The first Volume (Wonders of the Solar System) did contain a rather large number of errors, and I'm glad to report that I identified far fewer in this volume, although there were a few. In fact what is almost the first sentence on page 8 states the universe in 45 billion light years across, although the fly cover and description below states it is 93 billion light years. Here we go, I thought! However after this I noticed very few. Page 71 gives 10-36 seconds rather than correctly 10 to the power of minus 36 seconds. The diagrams p28 has a number of annotations that are not explained, and part of the diagram on p48 is so faint as to be almost unreadable. Also at one point Betelgeuse is described as the 9th brightest star in the galaxy, which should be qualified 'as seen from Earth' (ie. apparent magnitude rather than absolute magnitutde). However, I may be being a bit picky here, as the proof reading was obviously a considerable improvement upon the first volume. No doubt others will find and report those I have missed.
In addition, I would like to have had a little more detail about the search and current knowledge of exoplanets and thinking upon the likelihood of extra-terrestrial life. This is mentioned but I wanted more detail because it is such a current topic.
In summary, though, this is an excellent and generally well presented read which gives a pretty comprehensive overview of our current understanding of the universe with great illustrations.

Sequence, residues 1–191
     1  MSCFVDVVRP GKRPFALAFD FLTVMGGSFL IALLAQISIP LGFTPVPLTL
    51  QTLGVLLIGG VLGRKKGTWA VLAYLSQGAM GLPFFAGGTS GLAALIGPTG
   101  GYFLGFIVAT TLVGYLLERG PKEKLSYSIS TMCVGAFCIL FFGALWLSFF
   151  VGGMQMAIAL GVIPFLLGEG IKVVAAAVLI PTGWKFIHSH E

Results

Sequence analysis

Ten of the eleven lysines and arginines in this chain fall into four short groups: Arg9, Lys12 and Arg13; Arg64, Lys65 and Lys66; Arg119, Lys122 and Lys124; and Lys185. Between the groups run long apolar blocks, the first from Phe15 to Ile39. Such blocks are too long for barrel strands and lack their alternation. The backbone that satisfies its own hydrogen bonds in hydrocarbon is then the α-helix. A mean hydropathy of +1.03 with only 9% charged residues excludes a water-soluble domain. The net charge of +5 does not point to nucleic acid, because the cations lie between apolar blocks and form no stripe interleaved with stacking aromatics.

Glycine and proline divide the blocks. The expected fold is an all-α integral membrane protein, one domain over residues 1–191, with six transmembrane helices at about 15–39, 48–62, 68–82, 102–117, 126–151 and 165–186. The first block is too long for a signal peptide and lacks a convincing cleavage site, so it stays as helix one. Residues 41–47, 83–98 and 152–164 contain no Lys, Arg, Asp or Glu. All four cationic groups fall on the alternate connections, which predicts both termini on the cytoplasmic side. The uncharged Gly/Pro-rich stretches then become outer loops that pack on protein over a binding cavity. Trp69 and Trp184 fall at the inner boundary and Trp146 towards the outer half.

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5.0 out of 5 stars Wonderful universe, 23 Jan. 2015
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T. Beckett "Tom Beckett" (Glasgow U.K.) - See all my reviews
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Excellent and well written book, easy to understand for anyone interested in the wonders out there.
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5.0 out of 5 stars stunning, 15 Dec. 2014
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The tv series is great but moves fast, with the book you gain time to stop, think and wonder. Great
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4.0 out of 5 stars Four Stars, 30 Dec. 2014
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This review is from: Wonders of the Universe (Hardcover)
Husband appears to be enjoying book. Very interesting and informative
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5.0 out of 5 stars GREAT, 28 Oct. 2014
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Brian cox,m amazing stuff, such a great scientist/astronomer.
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5.0 out of 5 stars Worth buying, 25 Jan. 2015
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This review is from: Wonders of the Universe (Hardcover)
Another great book to go with the tv series
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Wonders of the Universe
Wonders of the Universe by Andrew Cohen (Hardcover - 3 Mar. 2011)